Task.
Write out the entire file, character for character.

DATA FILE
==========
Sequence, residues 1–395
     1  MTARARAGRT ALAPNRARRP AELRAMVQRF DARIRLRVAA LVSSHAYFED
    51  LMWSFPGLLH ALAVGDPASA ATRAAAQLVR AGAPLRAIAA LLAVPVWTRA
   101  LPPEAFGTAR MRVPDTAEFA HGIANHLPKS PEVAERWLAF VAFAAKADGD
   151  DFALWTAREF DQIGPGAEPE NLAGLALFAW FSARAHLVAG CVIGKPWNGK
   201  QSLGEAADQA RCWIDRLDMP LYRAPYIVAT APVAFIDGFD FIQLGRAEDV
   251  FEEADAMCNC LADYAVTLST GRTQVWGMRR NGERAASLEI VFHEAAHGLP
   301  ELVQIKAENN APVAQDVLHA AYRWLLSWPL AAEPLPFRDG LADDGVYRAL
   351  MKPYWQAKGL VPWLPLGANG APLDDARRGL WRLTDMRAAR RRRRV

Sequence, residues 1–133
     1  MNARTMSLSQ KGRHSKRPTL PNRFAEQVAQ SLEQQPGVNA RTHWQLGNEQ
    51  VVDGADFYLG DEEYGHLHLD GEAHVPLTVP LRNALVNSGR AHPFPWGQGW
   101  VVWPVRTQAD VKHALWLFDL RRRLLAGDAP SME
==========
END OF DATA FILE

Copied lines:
Sequence, residues 1–395
     1  MTARARAGRT ALAPNRARRP AELRAMVQRF DARIRLRVAA LVSSHAYFED
    51  LMWSFPGLLH ALAVGDPASA ATRAAAQLVR AGAPLRAIAA LLAVPVWTRA
   101  LPPEAFGTAR MRVPDTAEFA HGIANHLPKS PEVAERWLAF VAFAAKADGD
   151  DFALWTAREF DQIGPGAEPE NLAGLALFAW FSARAHLVAG CVIGKPWNGK
   201  QSLGEAADQA RCWIDRLDMP LYRAPYIVAT APVAFIDGFD FIQLGRAEDV
   251  FEEADAMCNC LADYAVTLST GRTQVWGMRR NGERAASLEI VFHEAAHGLP
   301  ELVQIKAENN APVAQDVLHA AYRWLLSWPL AAEPLPFRDG LADDGVYRAL
   351  MKPYWQAKGL VPWLPLGANG APLDDARRGL WRLTDMRAAR RRRRV

Sequence, residues 1–133
     1  MNARTMSLSQ KGRHSKRPTL PNRFAEQVAQ SLEQQPGVNA RTHWQLGNEQ
    51  VVDGADFYLG DEEYGHLHLD GEAHVPLTVP LRNALVNSGR AHPFPWGQGW
   101  VVWPVRTQAD VKHALWLFDL RRRLLAGDAP SME